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Should you add milk to tea, or tea to milk?

Both the milk-in-first and tea-in-first proponents claim their method is superior. But is anyone really right?

Everyone seems to have an opinion on making the best cup of tea. People who have weighed in on this topic range from royal butlers to George Orwell, but despite many claims of it being definitively settled—often by science—the debate rages on.

From the ideal water temperature to the source of the tea leaves, the best material for a pot (china, earthenware, or pewter, according to Orwell, never silver!), the best shape of a cup, or whether it is sacrilege to add sugar, there are a lot of variables in brewing tea. However, one of the most hotly contested ones is not whether to add milk or not, but in what order.

Adding milk to tea has a few benefits, according to the experts. It can help counteract the tannin’s astringent or bitter aspects and adds a few calories and nutrients to an otherwise nutritionally bereft beverage. Modern research also shows that adding milk can decrease the staining effects of tea on teeth and, presumably, mugs and pots as well.

A commonly circulated theory posits that first pouring milk into a china teacup helps avoid the heat shock of directly filling it with hot fresh tea and stops low-quality china from cracking. Some sources claim that the practice of pouring tea into a cup before milk, therefore, became a subtle way to brag about the quality of your china. While it’s hard to validate this theory, tea before milk is the preferred pouring order of the British Royal Family, who are likely to take an opportunity to boast their riches.

Regardless of its origins, almost all guides and sources now agree that tea should be poured into a cup first and milk (if desired) second. As for the claims that science has somehow settled this debate, besides a few industry-funded “studies” (really more like PR stunts) and a press release from the Royal Society of Chemistry based on research that was either never done or never published, I can’t find any actual scientific discussion of whether it’s better to add your milk or tea to your mug first.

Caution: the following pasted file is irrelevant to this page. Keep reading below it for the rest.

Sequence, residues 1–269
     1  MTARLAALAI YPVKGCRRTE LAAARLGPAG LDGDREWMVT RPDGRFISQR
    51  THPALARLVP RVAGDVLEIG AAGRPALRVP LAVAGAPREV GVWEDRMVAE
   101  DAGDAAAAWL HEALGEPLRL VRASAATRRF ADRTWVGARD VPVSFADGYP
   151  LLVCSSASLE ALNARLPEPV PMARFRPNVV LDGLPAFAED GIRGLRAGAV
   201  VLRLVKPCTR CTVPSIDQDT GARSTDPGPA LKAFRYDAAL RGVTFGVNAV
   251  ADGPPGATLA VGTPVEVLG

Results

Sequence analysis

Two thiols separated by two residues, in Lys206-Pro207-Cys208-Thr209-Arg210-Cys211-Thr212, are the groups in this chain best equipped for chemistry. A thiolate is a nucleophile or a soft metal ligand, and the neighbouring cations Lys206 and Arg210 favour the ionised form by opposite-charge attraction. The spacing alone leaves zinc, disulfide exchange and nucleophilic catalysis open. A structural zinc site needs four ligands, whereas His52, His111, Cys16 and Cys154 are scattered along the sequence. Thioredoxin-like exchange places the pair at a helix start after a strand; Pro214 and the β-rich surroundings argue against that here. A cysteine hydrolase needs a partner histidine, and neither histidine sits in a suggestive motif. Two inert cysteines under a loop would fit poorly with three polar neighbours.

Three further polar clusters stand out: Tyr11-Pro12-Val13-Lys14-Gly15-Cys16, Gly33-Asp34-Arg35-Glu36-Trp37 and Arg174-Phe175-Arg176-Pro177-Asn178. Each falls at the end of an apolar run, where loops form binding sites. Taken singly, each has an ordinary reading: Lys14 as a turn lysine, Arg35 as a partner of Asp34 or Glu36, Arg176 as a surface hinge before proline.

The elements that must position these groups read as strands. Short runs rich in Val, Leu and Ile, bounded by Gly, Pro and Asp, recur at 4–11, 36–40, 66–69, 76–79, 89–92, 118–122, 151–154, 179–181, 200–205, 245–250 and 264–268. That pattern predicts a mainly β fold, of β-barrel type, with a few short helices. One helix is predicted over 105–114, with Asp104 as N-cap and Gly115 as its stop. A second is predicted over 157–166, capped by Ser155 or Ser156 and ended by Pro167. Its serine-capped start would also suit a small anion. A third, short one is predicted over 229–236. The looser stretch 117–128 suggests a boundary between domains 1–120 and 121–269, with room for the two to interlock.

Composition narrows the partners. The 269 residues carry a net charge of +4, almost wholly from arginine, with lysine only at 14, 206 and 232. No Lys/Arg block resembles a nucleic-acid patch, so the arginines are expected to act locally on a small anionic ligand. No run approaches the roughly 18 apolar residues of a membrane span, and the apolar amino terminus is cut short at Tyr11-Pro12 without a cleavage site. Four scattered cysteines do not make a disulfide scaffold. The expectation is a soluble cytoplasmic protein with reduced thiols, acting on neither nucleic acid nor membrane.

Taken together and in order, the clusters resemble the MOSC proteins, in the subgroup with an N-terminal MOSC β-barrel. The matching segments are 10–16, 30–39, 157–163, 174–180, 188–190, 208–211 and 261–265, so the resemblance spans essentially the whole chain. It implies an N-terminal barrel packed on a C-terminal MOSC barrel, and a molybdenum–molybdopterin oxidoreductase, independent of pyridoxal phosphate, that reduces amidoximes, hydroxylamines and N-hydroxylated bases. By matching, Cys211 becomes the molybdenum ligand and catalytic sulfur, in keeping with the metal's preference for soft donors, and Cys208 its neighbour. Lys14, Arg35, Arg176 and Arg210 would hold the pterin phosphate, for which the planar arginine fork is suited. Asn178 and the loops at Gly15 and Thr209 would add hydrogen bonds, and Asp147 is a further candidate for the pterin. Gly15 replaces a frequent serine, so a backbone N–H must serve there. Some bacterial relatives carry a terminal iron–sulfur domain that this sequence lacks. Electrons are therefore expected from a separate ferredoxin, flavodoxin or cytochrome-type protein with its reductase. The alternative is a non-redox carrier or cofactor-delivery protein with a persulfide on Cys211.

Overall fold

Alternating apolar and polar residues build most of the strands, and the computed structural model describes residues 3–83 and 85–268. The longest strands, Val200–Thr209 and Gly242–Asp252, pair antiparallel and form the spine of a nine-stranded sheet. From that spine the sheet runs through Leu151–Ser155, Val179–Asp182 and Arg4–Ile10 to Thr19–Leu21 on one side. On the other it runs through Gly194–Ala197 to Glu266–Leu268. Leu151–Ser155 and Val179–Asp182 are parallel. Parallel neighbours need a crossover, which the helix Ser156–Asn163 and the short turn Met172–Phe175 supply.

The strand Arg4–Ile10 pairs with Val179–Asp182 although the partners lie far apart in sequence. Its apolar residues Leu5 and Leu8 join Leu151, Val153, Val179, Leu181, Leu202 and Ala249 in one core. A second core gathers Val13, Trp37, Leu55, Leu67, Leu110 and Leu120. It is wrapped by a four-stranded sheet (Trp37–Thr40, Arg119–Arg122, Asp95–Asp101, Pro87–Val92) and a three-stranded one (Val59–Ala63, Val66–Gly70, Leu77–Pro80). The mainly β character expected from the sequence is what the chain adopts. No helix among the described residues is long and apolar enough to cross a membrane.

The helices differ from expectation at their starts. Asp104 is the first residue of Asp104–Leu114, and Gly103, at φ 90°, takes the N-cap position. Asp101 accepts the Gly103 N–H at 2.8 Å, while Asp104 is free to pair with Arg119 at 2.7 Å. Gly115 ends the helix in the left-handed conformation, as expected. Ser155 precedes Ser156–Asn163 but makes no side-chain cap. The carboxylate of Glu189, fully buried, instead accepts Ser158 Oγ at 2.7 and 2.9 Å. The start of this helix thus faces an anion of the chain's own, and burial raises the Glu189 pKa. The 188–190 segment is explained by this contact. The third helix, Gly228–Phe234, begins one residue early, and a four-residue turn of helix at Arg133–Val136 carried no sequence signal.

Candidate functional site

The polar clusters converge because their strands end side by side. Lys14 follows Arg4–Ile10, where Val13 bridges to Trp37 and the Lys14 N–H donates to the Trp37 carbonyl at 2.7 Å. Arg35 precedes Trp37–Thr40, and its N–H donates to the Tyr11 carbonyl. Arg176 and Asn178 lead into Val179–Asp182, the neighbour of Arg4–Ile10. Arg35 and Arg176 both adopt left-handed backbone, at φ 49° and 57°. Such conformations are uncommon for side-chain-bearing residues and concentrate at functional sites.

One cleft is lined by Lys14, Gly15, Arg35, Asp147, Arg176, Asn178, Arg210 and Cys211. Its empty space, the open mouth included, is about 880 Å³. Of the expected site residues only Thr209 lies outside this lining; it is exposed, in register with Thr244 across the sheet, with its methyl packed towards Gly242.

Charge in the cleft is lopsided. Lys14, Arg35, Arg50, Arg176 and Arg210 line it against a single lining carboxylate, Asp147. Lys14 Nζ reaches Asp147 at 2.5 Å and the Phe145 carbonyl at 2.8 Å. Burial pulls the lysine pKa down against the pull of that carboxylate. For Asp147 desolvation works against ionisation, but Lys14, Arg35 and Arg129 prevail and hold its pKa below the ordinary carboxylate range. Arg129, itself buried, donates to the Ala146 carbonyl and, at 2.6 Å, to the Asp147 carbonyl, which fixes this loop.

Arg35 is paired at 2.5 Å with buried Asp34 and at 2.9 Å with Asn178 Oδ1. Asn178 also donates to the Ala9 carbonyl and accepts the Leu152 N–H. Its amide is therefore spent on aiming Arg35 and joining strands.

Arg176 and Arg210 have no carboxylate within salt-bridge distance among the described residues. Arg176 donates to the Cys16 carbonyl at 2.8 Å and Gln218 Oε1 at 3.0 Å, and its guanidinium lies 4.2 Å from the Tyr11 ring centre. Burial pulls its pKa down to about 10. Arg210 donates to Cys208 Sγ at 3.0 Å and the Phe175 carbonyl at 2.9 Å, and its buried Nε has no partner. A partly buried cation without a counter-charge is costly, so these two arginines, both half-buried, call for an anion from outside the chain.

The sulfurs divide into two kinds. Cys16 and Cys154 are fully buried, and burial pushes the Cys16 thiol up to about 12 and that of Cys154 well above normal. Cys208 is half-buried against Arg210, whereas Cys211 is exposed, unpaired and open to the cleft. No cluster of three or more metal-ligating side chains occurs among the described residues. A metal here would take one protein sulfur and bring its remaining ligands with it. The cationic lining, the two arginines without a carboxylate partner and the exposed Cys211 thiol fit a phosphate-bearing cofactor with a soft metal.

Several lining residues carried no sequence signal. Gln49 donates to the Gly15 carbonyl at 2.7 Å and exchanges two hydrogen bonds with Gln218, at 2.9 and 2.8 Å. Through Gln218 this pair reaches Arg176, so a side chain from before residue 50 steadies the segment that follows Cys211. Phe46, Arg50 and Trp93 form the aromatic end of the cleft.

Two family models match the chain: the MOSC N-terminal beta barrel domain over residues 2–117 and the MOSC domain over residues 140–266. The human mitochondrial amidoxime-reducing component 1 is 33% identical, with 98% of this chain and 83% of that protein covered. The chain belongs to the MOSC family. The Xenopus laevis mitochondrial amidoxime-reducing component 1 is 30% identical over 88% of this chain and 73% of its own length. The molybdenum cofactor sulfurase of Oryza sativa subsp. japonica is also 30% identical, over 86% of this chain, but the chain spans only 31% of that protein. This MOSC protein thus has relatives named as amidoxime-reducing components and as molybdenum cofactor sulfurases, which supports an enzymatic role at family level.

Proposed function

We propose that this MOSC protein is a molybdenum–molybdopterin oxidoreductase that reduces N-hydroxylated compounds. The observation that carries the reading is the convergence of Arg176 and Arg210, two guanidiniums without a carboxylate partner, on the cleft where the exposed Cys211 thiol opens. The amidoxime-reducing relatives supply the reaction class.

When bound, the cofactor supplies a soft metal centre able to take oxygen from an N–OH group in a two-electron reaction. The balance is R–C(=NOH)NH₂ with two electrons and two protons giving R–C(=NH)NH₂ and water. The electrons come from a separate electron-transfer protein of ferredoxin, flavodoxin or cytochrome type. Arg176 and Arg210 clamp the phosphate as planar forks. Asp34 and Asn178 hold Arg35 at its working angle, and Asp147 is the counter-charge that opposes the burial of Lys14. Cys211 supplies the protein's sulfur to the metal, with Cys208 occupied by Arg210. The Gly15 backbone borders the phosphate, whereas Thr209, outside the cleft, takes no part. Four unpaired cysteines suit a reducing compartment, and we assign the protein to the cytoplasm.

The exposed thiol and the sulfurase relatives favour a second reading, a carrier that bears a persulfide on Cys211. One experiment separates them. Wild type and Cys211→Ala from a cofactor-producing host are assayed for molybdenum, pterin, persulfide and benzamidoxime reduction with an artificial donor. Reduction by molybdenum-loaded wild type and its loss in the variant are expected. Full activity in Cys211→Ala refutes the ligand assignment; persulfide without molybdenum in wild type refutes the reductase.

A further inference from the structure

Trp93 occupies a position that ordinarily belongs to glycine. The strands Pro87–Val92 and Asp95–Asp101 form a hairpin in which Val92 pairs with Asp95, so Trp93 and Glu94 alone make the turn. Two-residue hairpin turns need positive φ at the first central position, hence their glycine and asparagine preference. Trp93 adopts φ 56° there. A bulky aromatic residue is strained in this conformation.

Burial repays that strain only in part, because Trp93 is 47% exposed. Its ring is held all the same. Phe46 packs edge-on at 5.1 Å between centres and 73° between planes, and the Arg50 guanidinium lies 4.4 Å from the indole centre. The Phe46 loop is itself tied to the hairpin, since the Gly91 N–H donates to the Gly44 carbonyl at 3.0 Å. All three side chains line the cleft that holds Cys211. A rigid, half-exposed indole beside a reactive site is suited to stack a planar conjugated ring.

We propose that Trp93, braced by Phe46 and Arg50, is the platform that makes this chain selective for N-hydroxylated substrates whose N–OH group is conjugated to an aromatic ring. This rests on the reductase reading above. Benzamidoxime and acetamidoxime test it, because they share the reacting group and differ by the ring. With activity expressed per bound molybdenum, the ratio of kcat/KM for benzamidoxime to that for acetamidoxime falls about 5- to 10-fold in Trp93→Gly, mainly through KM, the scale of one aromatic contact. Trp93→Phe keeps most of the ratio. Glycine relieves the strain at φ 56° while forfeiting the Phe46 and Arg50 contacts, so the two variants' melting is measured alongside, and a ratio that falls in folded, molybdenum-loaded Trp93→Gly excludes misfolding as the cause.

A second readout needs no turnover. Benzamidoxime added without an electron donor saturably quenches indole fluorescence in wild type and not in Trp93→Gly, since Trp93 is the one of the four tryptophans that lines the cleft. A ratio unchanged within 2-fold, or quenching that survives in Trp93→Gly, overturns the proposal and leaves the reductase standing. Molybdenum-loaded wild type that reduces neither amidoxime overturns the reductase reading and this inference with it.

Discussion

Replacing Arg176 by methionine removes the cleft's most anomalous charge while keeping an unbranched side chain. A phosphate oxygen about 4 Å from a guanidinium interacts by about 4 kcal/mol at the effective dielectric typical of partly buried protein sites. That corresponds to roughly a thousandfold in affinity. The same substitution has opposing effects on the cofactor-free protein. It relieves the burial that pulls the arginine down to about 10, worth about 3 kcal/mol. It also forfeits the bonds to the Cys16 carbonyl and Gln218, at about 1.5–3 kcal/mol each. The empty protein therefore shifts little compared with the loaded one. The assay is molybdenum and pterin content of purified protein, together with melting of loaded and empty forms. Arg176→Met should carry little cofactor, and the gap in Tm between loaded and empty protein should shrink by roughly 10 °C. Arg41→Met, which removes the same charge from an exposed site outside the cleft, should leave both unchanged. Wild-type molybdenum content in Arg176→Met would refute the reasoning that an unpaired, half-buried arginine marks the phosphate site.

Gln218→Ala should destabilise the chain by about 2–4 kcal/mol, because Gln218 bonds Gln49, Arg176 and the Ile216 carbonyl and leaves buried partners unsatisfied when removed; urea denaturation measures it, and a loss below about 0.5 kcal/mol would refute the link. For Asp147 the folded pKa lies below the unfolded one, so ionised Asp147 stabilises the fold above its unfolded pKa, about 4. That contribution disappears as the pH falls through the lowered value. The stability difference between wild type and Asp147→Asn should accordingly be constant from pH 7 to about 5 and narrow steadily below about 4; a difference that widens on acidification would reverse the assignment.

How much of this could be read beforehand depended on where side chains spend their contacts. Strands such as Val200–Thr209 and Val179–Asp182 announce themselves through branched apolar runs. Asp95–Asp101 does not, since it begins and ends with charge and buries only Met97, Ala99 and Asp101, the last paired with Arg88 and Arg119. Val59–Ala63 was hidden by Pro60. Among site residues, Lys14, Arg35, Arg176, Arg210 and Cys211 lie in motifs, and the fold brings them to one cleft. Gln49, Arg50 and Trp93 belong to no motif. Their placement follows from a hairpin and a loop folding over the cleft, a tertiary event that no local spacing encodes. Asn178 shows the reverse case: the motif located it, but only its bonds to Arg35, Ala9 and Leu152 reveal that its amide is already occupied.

Although, if a research group wants to study this in the future, they’ll likely benefit from ISO 3103, a publication from the International Organization for Standardization (ISO) that details standardized steps with which to brew a cup of tea for the purposes of comparison. The ISO is a non-governmental organization that exists for the express purpose of developing standards that are applicable across all 167 member countries for technical and manufacturing purposes. ISO 3103 was approved by all member countries, with the exception of Ireland, which objected on technical grounds due to the omission of a teapot warming step.

As I said, almost everyone seems to have strong opinions on this topic. I think I’ll be keeping my tea-brewing method to myself.


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